For over a month it occupied the space normally taken by our enormously overgrown umbrella plant. The places underneath it now bare; presents it had guarded, opened and gone. The gold beaded garland which had been hung with so much care a few weeks before now hangs in drooping, careless cascades where little hands have pulled at it.
As I take the ornaments from their posts I feel an overwhelming melancholy. The house is too quiet and all that remains to be done is to put away the decorations. I wonder what is there to look forward to now? Where is the unspeakable joy of Christmas Eve? What happened to the sweet song of the angels?
On Christmas Day in the midst of all the squealing laughter and happy chatter I had paused to kneel in the corner of my kitchen to give thanks for the blessings of my family. Now only days later I am wondering where my happiness lies. But as quickly as those thoughts are formed the Spirit whispers to me in the quiet of the house. And because of the silence I can hear Him plainly. “For I know the plans I have for you,” declares the LORD, “plans to prosper you and not to harm you, plans to give you hope and a future.”
Missing the faces of my family around me it is all too easy to slip into the nearsighted vision of the world. In reality, there is much to look forward to because God has a plan. A plan that is meant for me alone. Joy still abounds even in the days after the celebration. And it is because of the stillness I can clearly hear the continuous song of the angels. Glory to God in the highest!
I’ve been thinking a lot about Mary lately. Wondering what was going through her tender teenaged mind. Knowing that many, if not most, of the people in her small town doubted her story. It wasn’t the first time that two people in love, pledged to be married had found themselves in this predicament. A baby on the way before the official ceremony, but the story she told, well it was ridiculous. Really it was more than that, it was completely unbelievable. After all, why would she above all other young women be chosen to carry the son of God? Was she able to hold her head high amid the gossip? Did her friends believe her story or did they nod in support only to secretly question her honesty?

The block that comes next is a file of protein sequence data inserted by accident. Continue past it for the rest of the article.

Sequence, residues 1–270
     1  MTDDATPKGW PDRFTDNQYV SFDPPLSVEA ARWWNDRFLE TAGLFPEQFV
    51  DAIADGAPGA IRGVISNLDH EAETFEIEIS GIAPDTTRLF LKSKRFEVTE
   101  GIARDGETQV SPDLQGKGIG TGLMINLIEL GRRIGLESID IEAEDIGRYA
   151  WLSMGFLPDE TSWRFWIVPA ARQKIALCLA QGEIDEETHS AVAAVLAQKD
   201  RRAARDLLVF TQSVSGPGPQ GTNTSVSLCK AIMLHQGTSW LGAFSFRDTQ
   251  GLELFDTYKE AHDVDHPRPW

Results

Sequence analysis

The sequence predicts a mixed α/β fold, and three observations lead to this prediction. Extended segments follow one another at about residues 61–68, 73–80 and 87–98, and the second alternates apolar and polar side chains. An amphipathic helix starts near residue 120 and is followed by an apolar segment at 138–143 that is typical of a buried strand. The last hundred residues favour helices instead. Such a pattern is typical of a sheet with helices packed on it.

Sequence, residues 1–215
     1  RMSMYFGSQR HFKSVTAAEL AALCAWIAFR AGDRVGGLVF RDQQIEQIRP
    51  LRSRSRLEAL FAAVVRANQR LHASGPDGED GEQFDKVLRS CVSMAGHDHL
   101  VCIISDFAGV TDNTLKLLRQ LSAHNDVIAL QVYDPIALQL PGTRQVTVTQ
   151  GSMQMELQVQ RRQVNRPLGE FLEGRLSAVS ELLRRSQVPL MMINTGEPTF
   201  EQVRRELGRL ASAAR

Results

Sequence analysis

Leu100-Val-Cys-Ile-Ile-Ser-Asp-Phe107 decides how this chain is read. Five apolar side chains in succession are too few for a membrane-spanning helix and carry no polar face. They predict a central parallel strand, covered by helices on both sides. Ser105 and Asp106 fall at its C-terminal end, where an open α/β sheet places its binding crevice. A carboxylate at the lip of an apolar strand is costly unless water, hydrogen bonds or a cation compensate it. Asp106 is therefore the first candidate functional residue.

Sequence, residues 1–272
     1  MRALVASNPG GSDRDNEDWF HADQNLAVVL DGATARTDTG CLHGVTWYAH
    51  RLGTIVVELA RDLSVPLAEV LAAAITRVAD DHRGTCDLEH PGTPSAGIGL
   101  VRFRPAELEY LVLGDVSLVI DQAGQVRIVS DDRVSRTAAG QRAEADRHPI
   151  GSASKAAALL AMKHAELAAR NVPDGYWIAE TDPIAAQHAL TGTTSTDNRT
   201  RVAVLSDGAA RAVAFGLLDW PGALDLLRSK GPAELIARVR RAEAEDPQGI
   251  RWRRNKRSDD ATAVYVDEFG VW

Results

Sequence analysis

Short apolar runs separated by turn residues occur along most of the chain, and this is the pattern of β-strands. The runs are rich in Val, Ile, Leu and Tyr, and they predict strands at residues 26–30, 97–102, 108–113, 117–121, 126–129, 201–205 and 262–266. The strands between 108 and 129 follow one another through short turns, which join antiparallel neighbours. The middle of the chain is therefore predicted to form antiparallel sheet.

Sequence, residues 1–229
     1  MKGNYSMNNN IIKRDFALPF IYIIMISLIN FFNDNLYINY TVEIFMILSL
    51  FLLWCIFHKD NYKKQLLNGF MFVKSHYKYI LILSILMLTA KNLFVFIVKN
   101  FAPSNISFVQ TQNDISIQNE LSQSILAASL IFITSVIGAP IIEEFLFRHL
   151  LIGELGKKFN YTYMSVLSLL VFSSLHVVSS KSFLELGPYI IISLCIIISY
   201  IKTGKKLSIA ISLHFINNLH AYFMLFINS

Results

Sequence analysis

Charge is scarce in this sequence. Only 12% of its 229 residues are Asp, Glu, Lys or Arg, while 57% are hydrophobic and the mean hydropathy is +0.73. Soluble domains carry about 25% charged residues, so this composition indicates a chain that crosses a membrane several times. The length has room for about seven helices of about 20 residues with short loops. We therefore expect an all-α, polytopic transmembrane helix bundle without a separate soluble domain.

In the last days of her pregnancy did she resist the urge to complain as she made the laborious journey to Bethlehem? When they arrived in the small city overflowing with people did panic begin to set in when she realized that she was going to be spending the night in a barn? And when the pain of labor overwhelmed her did she cry out for her mother as Joseph attempted to do the job for which he had not been trained? Was there ever a moment when she thought that surely God would have made a different provision for His son?
Sweet Mary, mother of God, when you held your beautiful son for the first time, did you know then what was in store for your baby Jesus? Did the barn’s beam cast a shadow of the cross over the manger where you laid him? Or in the Father’s great mercy, did God conceal this information?
Thirty years later as you stood at the foot of the cross did your mind flash back to the starlit stable where shepherds sought out the King? Did you wonder why the angels who had pronounced his birth did not fall out of heaven to rescue Him from death? Mary, most blessed among women, what a heavy burden you were called to carry. I thank you darling sister in Christ, for being faithful to God’s call; for believing the promise and yielding up your life to God’s holy plan. May I follow your example of selfless love.
“For unto us a child is born, unto us a son is given.” Those words have been resonating in my mind since I was privileged to be in attendance as my daughter directed a 200 member choir singing the Hallelujah chorus from Handel’ s Messiah. It was remarkable to hear middle school aged children tackle such a difficult piece of classical music and I was brought to tears as their young voices sang out praise.